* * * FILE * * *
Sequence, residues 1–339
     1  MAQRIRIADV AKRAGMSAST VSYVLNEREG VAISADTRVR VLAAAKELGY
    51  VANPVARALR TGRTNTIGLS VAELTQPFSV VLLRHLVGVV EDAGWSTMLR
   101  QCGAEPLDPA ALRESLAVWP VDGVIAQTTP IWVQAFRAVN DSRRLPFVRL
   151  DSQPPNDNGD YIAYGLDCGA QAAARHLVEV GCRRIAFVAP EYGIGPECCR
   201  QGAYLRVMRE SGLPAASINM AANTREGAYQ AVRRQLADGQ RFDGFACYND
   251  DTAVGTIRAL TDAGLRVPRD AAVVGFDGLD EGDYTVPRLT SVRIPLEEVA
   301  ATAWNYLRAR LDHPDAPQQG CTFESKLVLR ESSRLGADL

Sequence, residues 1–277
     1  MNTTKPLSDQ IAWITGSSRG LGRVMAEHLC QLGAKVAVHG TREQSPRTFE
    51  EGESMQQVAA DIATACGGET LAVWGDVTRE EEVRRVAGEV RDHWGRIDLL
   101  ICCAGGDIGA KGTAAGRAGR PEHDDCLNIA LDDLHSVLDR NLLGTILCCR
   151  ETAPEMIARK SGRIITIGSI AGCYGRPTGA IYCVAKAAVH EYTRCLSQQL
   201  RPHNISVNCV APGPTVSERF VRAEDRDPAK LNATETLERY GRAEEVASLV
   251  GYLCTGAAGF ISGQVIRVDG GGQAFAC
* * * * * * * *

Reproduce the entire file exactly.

Sequence, residues 1–339
     1  MAQRIRIADV AKRAGMSAST VSYVLNEREG VAISADTRVR VLAAAKELGY
    51  VANPVARALR TGRTNTIGLS VAELTQPFSV VLLRHLVGVV EDAGWSTMLR
   101  QCGAEPLDPA ALRESLAVWP VDGVIAQTTP IWVQAFRAVN DSRRLPFVRL
   151  DSQPPNDNGD YIAYGLDCGA QAAARHLVEV GCRRIAFVAP EYGIGPECCR
   201  QGAYLRVMRE SGLPAASINM AANTREGAYQ AVRRQLADGQ RFDGFACYND
   251  DTAVGTIRAL TDAGLRVPRD AAVVGFDGLD EGDYTVPRLT SVRIPLEEVA
   301  ATAWNYLRAR LDHPDAPQQG CTFESKLVLR ESSRLGADL

Sequence, residues 1–277
     1  MNTTKPLSDQ IAWITGSSRG LGRVMAEHLC QLGAKVAVHG TREQSPRTFE
    51  EGESMQQVAA DIATACGGET LAVWGDVTRE EEVRRVAGEV RDHWGRIDLL
   101  ICCAGGDIGA KGTAAGRAGR PEHDDCLNIA LDDLHSVLDR NLLGTILCCR
   151  ETAPEMIARK SGRIITIGSI AGCYGRPTGA IYCVAKAAVH EYTRCLSQQL
   201  RPHNISVNCV APGPTVSERF VRAEDRDPAK LNATETLERY GRAEEVASLV
   251  GYLCTGAAGF ISGQVIRVDG GGQAFAC